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The Third Avenue North project in Pierz is nearly completed. Bill Zidon with Short Elliott Hendrickson (SEH), the city’s engineer, said “It’s getting pretty well wrapped up.”

He told the Pierz City Council Monday that the paving is complete, as is the concrete work. Signage is will be worked on, and striping was slated to happen Wednesday, weather permitting.

He said the landscapers and seeders have to come back to touch up areas around the pond and some driveways.

As part of the final stages of the project, after a walk-through a punch list will be put together.

“The odds and ends and stuff to complete; that will still be taking place,” Zidon said.

A nice surprise, Zidon said, was that the street lights were delivered early and installed very quickly. The street lights were originally slated to be installed at the end of October.

Zidon said when the striping is complete, signs will be removed and the road will be open.

“We ask that people still drive carefully, because construction workers will still be around the site doing odds and ends,” Zidon said.

While the Council approved payment number five, in the amount of $102,730.70, the entire project will not be paid until the project is completed and accepted.

Scott Hedlund, also with SEH, told the Council that the project came in about 5% under budget overall.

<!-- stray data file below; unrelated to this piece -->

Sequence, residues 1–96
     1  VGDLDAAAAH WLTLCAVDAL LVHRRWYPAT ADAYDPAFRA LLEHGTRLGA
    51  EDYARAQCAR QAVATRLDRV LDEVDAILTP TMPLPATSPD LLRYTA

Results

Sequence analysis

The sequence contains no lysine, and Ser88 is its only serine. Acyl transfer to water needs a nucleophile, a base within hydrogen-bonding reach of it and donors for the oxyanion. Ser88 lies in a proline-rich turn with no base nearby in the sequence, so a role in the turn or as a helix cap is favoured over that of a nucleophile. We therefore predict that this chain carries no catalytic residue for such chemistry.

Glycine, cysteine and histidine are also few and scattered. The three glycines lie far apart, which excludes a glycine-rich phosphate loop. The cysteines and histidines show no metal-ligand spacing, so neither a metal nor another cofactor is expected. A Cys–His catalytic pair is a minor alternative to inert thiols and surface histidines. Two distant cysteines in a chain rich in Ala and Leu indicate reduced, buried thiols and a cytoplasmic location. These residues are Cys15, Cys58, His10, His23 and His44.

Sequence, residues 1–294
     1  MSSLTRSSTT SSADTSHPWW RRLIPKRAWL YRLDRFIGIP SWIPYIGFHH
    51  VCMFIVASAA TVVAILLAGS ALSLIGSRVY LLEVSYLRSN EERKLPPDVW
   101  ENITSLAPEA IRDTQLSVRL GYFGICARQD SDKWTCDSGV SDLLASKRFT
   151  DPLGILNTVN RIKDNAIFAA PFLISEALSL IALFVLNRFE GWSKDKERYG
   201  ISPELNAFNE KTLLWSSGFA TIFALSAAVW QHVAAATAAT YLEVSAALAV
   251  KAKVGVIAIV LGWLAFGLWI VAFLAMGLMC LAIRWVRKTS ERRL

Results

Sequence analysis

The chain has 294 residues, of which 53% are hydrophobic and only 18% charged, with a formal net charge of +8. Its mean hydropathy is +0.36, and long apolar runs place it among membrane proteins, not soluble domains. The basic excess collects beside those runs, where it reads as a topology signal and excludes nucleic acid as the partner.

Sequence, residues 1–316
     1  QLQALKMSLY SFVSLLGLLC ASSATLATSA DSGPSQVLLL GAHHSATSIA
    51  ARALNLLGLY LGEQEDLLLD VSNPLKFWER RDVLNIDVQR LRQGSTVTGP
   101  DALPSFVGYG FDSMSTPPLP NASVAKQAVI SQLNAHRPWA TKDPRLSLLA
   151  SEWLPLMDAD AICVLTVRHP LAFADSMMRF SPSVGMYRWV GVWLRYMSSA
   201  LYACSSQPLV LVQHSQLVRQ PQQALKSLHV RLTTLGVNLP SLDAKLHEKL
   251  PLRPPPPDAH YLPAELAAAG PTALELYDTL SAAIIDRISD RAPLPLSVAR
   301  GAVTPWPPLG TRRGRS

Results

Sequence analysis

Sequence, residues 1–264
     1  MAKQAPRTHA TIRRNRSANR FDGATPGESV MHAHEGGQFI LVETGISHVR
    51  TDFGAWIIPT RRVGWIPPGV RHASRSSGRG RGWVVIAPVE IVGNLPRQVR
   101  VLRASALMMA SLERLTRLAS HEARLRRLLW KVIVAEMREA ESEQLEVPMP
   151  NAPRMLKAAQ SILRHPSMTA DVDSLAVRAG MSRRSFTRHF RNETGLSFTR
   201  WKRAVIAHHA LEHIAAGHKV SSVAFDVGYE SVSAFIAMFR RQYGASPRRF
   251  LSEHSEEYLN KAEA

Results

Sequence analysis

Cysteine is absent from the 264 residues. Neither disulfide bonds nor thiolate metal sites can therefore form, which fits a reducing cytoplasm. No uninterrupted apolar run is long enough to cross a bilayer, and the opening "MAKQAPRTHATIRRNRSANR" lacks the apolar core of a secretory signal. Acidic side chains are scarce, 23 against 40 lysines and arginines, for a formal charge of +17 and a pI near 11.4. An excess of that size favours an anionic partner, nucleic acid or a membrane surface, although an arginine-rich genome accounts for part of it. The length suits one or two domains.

Zidon said relocating mailboxes was also completed.

“A lot of work went into placing mailboxes. It was surprisingly a lot of coordination and limited locations,” Zidon said.

He said most mailboxes had to be relocated to be along the existing route of the county road carrier.

“To change their routes is not an easy task,” Zidon said.

He said instead of having a long bank of mailboxes on County Road 39, they worked to limit banks of mailboxes to six boxes on three posts. Most, he said, have two posts with four boxes.

“There won’t be 30 mailboxes lined up like it used to be,” he said. “The only mailboxes on Third are for residents on Third.”

As many as possible were placed in front of a resident’s house, so there were no worries about mailboxes being on someone else’s property, he said.

He said a few other mailboxes scattered throughout town, were being relocated to other areas as well.

“There are a few that will be on properties that do not have mailboxes, but to keep banks to a minimum and as few posts, some ended up on property that do not have mailboxes currently,” Zidon said.

While the mailboxes were not in place, the county has posts made up and ready to go. The county needs to get locates in before the mailboxes are placed.

“The county is itching to get out there and get them installed,” Zidon said.

City Administrator Bob Otremba said he wanted to bring to the Council an ordinance change, regarding mailboxes.

He said technically, mailboxes are placed on the boulevard, which is the city’s right of way.

“Technically the ordinance says you cannot have a mailbox if you don’t have property abutting the street it’s located on, so several on County Road 39 go against the ordinance,” he said.